When designing a notification service, you should ask the question: How do you store subscription metadata? Bear in mind that a well-designed system must provide the opportunity to:
- find the topics that a user subscribes to,
- find the users subscribing to a particular topic, and
- add and remove subscriptions.
To meet these criteria, you need to have the ability to query for data stored in the
user_id categories. Therefore, we take a closer look at three databases, each of which represents a slightly different philosophy and operating model:
- PostgreSQL is a widely appreciated relational database that can handle much more than commonly believed,
- Redis is an in-memory database that is mainly used as a speeding up solution,
- DynamoDB is a serverless NoSQL-type database developed by AWS.
We will start by considering whether each of the listed databases meets the given query criteria. If it does, then we will explore how to model our data with it. We will also compare the following aspects of each database.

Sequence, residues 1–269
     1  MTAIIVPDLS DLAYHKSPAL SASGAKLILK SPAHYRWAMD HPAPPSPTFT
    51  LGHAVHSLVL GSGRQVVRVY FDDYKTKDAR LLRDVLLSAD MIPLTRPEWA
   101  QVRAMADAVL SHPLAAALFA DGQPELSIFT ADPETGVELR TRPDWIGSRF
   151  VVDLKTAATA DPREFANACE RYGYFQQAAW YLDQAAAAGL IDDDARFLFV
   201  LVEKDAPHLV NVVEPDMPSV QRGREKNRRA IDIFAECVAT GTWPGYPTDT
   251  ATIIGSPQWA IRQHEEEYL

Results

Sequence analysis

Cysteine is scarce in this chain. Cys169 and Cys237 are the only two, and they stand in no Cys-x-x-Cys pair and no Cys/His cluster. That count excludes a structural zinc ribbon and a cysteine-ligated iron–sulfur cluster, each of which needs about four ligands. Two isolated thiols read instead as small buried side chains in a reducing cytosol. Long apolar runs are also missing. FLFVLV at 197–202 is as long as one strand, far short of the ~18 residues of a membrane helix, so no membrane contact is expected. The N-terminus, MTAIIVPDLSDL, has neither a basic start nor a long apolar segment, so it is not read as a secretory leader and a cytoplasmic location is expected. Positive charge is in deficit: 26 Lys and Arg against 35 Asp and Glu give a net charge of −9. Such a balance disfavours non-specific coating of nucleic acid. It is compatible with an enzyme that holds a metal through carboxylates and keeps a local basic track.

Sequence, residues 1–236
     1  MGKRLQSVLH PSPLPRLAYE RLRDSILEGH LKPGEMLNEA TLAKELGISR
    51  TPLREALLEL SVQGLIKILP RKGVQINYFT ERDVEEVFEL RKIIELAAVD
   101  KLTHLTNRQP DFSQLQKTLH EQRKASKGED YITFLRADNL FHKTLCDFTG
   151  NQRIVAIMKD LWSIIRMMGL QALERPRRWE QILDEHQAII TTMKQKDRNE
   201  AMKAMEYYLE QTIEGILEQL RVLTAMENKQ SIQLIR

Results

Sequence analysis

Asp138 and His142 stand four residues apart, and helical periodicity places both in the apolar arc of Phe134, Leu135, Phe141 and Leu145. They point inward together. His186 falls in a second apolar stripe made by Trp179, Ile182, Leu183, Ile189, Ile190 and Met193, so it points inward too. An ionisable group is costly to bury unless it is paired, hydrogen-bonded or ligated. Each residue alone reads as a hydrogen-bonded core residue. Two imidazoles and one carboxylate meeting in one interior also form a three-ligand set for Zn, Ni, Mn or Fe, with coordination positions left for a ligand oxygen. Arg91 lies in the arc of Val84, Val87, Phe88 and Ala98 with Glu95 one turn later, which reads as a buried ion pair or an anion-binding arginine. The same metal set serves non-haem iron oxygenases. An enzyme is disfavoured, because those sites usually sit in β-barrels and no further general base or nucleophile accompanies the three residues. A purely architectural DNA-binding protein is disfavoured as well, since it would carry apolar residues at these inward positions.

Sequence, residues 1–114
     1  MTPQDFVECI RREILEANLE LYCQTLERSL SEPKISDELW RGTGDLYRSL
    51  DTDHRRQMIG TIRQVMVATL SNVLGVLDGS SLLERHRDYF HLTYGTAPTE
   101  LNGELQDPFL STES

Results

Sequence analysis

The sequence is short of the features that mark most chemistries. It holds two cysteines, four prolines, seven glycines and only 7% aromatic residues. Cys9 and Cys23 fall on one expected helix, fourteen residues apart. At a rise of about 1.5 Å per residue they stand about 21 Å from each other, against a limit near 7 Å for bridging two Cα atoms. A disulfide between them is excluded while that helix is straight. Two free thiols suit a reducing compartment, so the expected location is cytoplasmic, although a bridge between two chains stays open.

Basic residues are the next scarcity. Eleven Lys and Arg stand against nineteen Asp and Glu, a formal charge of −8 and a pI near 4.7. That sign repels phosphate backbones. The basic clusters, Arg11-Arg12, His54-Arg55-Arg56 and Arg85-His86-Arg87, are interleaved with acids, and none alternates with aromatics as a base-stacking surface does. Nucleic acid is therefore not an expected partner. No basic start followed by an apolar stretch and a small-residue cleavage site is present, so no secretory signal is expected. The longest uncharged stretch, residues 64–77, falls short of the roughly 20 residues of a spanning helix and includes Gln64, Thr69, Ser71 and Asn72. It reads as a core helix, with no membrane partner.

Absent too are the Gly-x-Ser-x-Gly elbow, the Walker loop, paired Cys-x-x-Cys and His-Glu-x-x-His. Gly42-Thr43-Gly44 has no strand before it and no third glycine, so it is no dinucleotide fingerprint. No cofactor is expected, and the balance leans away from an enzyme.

We will begin with PostgreSQL.
All of the queries are relatively straightforward.
However, to give more context, we could imagine that the system is tasked with generating the following notification *someone has just replied to a comment with ID 1!*. What task does it have to perform in order to generate such a notification? First, we need to find
topic_id of the relevant event and then we should get a list of the users subscribing to this topic (example: get the users whose condition
topic_id == reply-comment-1 is true). Subsequently, the system sends notifications to the users on the retrieved list.
How do you assign users to a given topic? That can be done with any action, such as creating a comment or the user clicking the “bell” next to the comment.